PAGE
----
In the midst of all of these cares, Mr. Quezon never overlooked the welfare of the Filipinos in the United States and always took pride in their success. Let me tell you of two instances illustrating this. One was Vicente Lim’s graduation from West Point, the first Filipino to graduate from that military academy. Mr. Quezon made a special trip from Washington to West Point and took along with him as many of us as he could gather to witness the ceremony, and when Lim’s name was called and he stood up and walked to the rostrum to receive his diploma and was greeted by warm applause, I could see pride for his people oozing out of Mr. Quezon and a trace of tears appearing in his eyes indicating his emotion.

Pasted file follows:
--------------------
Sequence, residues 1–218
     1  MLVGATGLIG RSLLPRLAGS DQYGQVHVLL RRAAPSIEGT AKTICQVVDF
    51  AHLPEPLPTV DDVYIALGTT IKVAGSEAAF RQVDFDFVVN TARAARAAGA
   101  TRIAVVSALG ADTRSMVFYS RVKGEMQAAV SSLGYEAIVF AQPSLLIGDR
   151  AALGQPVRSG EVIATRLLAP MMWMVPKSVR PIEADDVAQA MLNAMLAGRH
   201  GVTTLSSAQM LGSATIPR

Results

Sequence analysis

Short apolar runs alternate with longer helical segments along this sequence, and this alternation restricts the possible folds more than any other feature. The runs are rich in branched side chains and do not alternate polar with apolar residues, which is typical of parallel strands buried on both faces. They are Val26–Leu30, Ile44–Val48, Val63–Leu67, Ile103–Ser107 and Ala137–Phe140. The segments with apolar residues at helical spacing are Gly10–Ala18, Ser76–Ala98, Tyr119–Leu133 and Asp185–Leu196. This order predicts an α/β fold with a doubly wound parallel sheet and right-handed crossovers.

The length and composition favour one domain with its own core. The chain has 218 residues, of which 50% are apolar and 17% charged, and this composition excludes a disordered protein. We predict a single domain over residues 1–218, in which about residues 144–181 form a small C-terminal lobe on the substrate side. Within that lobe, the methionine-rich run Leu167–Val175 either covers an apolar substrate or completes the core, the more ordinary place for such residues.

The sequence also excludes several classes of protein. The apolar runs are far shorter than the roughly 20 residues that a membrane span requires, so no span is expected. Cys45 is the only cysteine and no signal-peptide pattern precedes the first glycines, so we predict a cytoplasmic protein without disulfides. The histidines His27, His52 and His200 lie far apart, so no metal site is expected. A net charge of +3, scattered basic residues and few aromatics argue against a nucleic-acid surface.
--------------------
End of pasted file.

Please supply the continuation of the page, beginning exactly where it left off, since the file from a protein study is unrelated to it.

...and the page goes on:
The other incident concerns a Filipino, the son of one of the most powerful men in the Philippine Islands during the Spanish regime, who had moved to Washington with his wife and three or four children. The temptations of the capital city were too much for him and he was sliding down hill fast. For a period of two or three months he lived on the generosity of Mr. Quezon and other Filipinos residing in Washington. Whenever he came to Mr. Quezon for help, he was given some money, but one day Mr. Quezon remarked to me he thought he was not doing the man any good by giving him money. The next time he came for help Mr. Quezon refused to give him money and told him, “I am going over to your house and talk to your wife.” He called me and the two of us went to the Filipino’s home and we saw there a picture of desolation. It seemed that the children and the wife had not had anything to eat for two days. He used the telephone, had some milk, bread and butter brought in immediately, and after the wife and children had taken some food Mr. Quezon asked the wife to make a budget of her monthly expenses for food and rent right then and there. When the budget was drawn up, Mr. Quezon called the real estate agent and guaranteed the rental for three months and called the grocery stores and likewise guaranteed the food bills for three months. Then he pulled out a revolver from his pocket, gave it to the young Filipino and said, “I am sick and tired of your promises to behave. There will not be another centavo to cash for you. If you had any spunk in you, you would take this revolver, go somewhere and shoot yourself, or else go to Mexico, join the rebels and become a general in the Mexican forces. Then I might be glad to shake your hand again after you had recovered your self-respect.” The Filipino broke down and cried as we left the house. The man’s reformation was fast and within two months he got a job as Spanish instructor in a famous academy and I understand is now a noted professor of languages and is making good money.